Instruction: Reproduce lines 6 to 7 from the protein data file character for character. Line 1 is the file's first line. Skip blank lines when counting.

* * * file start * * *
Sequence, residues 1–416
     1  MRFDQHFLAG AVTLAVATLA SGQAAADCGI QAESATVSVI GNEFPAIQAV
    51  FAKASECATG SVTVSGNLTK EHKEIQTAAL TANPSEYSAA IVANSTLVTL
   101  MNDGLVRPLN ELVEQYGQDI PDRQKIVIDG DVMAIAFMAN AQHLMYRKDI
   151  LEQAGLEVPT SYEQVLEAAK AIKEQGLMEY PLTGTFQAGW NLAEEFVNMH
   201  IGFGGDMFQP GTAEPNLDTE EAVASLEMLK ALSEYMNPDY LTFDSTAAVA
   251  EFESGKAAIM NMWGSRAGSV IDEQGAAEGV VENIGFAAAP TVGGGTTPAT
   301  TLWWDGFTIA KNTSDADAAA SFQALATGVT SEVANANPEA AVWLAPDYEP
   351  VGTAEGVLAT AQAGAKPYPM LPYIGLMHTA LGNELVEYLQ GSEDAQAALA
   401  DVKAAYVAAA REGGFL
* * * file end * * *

   201  IGFGGDMFQP GTAEPNLDTE EAVASLEMLK ALSEYMNPDY LTFDSTAAVA
   251  EFESGKAAIM NMWGSRAGSV IDEQGAAEGV VENIGFAAAP TVGGGTTPAT